Strangely enough, while these citizens dispute the neoliberal policy orienta-
tion of the state, the state is infnitely more receptive to this form of civil
society than the other, possibly because demands for accountability cut closer
to the bone for the political class than do abstract rights to food or work. In
the short to medium term, therefore, the burden of advancing the project of
social citizenship rests quite considerably on the shoulders of the latter type
of civil society, along with the judiciary.
Pa rt T hr e e
Genealogies of Mediated Citizenship
In chapter 4, we encountered the colonial view that, as an insuf ciently indi-
viduated social order divided by language, caste, and religion, Indian society
could scarcely yield a conception of citizenship, much less individuals who
could be citizens. Tis assumption appears to have enjoyed wide acceptance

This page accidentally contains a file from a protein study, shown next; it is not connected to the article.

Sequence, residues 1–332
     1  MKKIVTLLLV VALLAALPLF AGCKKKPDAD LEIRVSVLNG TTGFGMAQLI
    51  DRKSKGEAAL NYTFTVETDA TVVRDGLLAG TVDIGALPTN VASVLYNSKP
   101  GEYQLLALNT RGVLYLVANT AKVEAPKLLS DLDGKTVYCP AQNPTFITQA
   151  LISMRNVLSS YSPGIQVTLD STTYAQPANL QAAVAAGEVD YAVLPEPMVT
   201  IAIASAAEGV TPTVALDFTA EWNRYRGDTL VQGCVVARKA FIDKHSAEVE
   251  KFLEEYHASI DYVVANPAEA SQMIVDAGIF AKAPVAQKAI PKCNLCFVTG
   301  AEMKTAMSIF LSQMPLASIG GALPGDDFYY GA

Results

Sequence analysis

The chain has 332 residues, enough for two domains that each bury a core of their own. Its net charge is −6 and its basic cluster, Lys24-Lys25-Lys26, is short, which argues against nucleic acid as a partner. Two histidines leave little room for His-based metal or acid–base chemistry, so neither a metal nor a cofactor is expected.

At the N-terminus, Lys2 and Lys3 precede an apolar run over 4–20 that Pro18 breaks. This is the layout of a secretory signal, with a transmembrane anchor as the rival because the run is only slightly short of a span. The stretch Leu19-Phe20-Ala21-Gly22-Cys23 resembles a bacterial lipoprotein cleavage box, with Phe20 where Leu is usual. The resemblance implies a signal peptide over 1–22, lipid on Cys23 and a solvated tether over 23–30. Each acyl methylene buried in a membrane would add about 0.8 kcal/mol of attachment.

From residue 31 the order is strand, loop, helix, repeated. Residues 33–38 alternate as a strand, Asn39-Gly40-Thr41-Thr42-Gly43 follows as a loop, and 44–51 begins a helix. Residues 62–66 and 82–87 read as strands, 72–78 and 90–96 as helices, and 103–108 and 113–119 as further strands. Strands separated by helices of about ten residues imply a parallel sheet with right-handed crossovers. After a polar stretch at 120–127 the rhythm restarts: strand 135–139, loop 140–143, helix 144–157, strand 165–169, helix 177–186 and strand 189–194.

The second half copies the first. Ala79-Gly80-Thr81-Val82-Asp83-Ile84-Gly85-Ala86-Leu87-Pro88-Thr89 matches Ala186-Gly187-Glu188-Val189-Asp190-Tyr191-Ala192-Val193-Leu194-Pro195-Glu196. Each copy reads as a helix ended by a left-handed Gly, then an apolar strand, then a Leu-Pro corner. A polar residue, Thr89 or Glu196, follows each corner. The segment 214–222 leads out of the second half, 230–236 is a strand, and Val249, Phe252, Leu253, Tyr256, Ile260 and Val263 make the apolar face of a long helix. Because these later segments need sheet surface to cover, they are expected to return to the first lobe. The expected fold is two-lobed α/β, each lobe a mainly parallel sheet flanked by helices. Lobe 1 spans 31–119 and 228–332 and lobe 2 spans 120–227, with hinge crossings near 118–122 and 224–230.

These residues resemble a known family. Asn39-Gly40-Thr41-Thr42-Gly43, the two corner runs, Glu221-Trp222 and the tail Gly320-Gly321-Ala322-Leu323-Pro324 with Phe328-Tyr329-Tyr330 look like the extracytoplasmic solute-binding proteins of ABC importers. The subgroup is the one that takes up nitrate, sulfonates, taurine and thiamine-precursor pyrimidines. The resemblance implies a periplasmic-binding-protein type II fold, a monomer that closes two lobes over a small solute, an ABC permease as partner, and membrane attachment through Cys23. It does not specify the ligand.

as a descriptively accurate understanding of the nature of Indian social diver-
sity, so that the validity of the premise was seldom called into question. Such
questioning of this assumption as occurred in diferent strands of national-
ist thinking was motivated largely by a defensive impulse to establish that
these were, in one way or another, communities that were either essentially
compatible or could be rendered thus. All the argumentative strategies of
nationalists—adducing evidence of historical coexistence and tolerance; char-
acterizing the diferences between communities as elite conficts not refective
of local realities of living together separately; and asserting the possibility of
constructing a territorially unifed nation-state which could accommodate
all these diferences in a peaceable fashion—were oriented to countering the
argument that the divisions in Indian society were irretrievably hostile and